After more than three years of investigating the largest corporate bankruptcy in U.S. history, the Securities and Exchange Commission is reportedly dropping the case against Lehman Brothers.
"The staff has concluded its investigation and determined that charges will likely not be recommended," reads an internal SEC memo, obtained by Bloomberg.
If true, this is 'a travesty of a mockery of a sham of a mockery of a travesty of two mockeries of a sham,' to quote Woody Allen's Bananas.
In 2010, the court appointed examiner for Lehman's bankruptcy concluded Lehman executives used "materially misleading" accounting gimmicks in the months prior to its September 2008 bankruptcy.
Specifically, Lehman "reverse engineered the firm's net leverage ratio for public consumption" to the tune of $50 billion, according to Valukas. This refers to the now infamous accounting practice called a Repo 105, whereby Lehman offloaded some of its most toxic assets at the end of the quarter in order to temporarily reduced the leverage it disclosed in quarterly filings.
Valukas also found Lehman placed "unreasonable" valuations on its real estate holdings in the months prior to its collapse. (See: "Materially Misleading": Will Lehman Execs or Ernst and Young Face Criminal Charges?)
It's hard to believe senior Lehman executives were unaware of these violations. Former CEO Richard Fuld was "at least grossly negligent in causing Lehman Brothers to file misleading periodic reports," according to Valukas.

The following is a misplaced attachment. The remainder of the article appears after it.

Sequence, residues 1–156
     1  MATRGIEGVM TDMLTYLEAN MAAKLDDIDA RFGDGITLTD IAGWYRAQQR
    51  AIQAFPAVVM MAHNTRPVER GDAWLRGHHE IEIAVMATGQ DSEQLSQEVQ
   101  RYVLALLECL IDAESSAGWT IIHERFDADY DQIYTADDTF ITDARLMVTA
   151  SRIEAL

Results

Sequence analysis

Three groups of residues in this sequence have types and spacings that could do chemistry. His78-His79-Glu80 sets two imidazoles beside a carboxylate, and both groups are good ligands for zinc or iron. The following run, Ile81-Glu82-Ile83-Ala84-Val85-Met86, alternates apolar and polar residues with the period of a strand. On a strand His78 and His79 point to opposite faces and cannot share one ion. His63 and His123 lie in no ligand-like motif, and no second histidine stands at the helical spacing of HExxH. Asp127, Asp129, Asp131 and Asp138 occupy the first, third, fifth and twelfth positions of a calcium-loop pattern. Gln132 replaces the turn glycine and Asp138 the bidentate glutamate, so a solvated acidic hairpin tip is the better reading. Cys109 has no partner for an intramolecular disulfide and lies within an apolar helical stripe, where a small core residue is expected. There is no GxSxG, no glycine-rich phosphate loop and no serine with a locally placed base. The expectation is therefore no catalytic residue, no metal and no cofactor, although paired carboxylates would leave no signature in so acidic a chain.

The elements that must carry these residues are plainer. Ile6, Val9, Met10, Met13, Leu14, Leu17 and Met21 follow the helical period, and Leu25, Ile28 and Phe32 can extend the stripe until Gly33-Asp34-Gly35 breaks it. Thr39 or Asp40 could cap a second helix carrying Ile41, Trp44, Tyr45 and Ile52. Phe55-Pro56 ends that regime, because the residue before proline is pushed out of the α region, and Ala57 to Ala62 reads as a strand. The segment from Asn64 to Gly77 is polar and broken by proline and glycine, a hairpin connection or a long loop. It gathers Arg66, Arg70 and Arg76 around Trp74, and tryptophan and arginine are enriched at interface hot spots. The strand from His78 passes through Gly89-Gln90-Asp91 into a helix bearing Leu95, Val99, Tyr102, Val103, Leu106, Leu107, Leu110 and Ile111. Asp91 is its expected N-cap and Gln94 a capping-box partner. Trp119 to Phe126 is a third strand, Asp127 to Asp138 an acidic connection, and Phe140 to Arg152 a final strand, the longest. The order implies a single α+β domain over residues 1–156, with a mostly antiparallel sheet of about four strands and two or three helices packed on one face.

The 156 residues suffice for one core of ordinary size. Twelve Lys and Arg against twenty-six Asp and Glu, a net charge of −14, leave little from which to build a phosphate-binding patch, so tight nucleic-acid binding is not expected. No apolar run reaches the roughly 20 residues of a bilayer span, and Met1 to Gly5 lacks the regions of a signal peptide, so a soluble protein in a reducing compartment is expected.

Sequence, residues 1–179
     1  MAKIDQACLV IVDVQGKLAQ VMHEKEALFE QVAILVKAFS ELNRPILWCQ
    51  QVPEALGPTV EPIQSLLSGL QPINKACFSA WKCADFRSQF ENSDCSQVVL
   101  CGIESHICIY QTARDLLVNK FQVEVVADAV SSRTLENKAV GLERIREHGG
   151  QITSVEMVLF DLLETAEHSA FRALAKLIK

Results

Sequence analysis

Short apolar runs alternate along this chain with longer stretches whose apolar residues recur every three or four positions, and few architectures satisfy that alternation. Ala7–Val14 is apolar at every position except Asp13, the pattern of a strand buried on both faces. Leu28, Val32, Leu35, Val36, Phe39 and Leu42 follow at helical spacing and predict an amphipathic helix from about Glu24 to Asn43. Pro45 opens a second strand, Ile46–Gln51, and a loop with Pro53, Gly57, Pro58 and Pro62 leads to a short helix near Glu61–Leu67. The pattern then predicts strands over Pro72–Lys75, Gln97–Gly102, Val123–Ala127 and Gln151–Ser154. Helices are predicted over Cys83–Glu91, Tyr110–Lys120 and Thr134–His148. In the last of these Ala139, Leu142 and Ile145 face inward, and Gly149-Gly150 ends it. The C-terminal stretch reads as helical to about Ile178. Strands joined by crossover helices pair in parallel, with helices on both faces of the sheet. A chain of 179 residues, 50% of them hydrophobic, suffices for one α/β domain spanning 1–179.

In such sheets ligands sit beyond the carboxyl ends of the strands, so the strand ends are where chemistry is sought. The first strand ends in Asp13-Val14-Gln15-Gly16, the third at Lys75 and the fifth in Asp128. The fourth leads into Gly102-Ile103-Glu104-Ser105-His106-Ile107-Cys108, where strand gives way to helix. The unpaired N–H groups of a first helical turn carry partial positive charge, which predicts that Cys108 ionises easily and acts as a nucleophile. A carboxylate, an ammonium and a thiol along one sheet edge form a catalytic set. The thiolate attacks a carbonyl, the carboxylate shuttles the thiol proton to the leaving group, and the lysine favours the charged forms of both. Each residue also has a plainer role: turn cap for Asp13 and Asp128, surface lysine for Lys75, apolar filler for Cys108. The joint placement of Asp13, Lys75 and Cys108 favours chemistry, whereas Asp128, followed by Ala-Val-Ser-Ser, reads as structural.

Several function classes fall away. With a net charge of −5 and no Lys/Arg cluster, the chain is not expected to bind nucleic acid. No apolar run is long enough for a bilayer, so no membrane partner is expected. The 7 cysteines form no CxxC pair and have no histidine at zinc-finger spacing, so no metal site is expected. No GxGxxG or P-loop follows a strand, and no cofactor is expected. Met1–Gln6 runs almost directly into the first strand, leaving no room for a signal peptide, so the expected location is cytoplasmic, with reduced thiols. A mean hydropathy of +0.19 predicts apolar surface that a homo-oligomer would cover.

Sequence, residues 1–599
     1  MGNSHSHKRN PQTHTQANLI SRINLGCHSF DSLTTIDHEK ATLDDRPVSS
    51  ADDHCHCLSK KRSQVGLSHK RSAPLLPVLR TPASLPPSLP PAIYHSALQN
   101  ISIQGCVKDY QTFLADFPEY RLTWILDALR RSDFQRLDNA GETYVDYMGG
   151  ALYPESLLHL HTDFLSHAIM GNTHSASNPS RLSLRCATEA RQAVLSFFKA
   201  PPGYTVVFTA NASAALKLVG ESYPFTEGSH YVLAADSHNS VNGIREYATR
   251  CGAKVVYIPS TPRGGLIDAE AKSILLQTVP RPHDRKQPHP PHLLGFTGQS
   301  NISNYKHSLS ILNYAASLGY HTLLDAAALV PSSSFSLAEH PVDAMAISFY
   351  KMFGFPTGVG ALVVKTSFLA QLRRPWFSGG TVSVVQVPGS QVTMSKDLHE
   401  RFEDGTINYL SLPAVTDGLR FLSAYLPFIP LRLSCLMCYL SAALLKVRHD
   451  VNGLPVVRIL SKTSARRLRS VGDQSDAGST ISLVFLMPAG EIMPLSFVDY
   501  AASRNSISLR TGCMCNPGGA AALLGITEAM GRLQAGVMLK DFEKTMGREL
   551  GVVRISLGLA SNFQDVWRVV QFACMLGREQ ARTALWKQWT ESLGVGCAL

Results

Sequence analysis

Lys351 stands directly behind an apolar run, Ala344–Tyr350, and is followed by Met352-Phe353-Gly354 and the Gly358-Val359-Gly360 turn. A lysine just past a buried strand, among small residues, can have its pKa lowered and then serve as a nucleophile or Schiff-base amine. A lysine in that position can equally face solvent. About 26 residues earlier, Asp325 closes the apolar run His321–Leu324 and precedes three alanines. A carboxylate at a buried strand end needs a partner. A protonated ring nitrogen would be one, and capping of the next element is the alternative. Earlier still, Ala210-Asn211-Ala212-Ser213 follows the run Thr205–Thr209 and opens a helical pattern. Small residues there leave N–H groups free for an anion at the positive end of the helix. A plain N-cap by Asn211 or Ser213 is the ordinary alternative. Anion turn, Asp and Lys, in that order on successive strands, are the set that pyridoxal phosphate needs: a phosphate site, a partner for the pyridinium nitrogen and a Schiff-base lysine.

In his new book, Predator Nation, Academy Award-winning filmmaker and author Charles Ferguson, recounts how a Lehman executive, Matthew Lee, warned the firm's senior executives in May 2008 and, later, its auditor, Ernst & Young, about how "the manner in which the firm is reporting these assets is potentially misleading to the public and various government agencies."
Ferguson's book is about much more than Lehman, and the issue here is much bigger than whether the SEC really is dropping the investigation (The New York Times reports top SEC officials "are still analyzing a potential case.")
"One of the reasons I wrote the book is we now have...a substantial record of evidence about what did in fact occur," Ferguson says. "It's absolutely clear [that] criminal behavior contributed to the crisis."
In his book, Ferguson scoffs at the idea Wall Street execs were guilty of mere stupidity and greed -- as some industry apologists claim.
"There was some stupidity and legal greed but a lot of clear criminality," he says, detailing a laundry list of criminal conduct in the financial industry, including:
- Securities fraud
- Accounting fraud
- Honest services violations
- Sarbanes-Oxley violations
- RICO offenses
- Federal aid disclosure violations
- Personal conduct (tax evasion, prostitution, drug use, insider trading, etc.)
"If you really wanted to get these people, you could," he concludes.
Of course, this raises the question: Why don't government officials want to prosecute white-collar fraud and criminal behavior?
More than four years after the crisis, the American public is hankering for some "perp walks" and you'd think some enterprising prosecutor would urgently pursue them, even if only to score political points.
"Money" is the short answer as to why there's been a bipartisan failure to reign in Wall Street and vigorously investigate allegations of criminal behavior, of which there's no shortage.
Maybe it's the long weekend but the fact the 'SEC is dropping Lehman case' story isn't HUGE news prompting outrage across America today is, itself, a big story: We've come to assume financial crimes won't be prosecuted, a development with deeply troubling implications for our society.